Global markets shaky in face of debt crisis

As time runs short for raising the U.S. debt ceiling, financial markets around the world are TREMBLING:

With just over a week left before the federal government is set to exhaust its borrowing authority, financial markets are on edge.

U.S. stock market futures shuddered Monday, and Asian and European stocks dropped, as federal policymakers still had not come to an agreement to raise the nation’s debt ceiling and avoid default. Investors shunned risky assets and moved money toward safety. The tremors, though relatively muted for now, suggest that anxiety about the ongoing stalemate in Washington has crept into markets worldwide, dampening economic prospects as the reliability of the world’s most rock-solid credit has been called into doubt.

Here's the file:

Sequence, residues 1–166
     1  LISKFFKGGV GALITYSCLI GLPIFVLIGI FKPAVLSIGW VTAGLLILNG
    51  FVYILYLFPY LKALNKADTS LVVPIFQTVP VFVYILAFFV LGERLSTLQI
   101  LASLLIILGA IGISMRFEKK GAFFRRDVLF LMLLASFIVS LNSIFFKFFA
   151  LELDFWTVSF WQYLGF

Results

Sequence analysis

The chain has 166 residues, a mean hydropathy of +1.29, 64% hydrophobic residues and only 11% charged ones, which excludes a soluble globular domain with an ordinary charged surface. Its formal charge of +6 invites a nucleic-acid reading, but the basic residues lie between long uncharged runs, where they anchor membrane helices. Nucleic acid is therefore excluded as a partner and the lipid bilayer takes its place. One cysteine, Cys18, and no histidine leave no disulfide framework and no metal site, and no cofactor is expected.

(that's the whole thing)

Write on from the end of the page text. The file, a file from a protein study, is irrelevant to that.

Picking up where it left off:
Before the Asian markets opened last night (American time), there had been WARNINGS of a possible panic. It didn’t come to that, but traders nonetheless exhibited a certain nervousness.



  1. Neftali

    Glad to see the NFL players and owners agreed to a new deal today. The politicians in Washington could use more people like Patriots owner Bob Kraft. Here’s his quote regarding the NFL labor negotiations:

    “I’m not going to hope either side makes a bad deal, because then our relationship suffers, and then the whole business suffers. And my family’s going to own this team for years and years. We want to see it healthy for both sides.”


  2. Neftali: The big difference between NFL owners and members of Congress is that there are no Tea Party zealots among the former.

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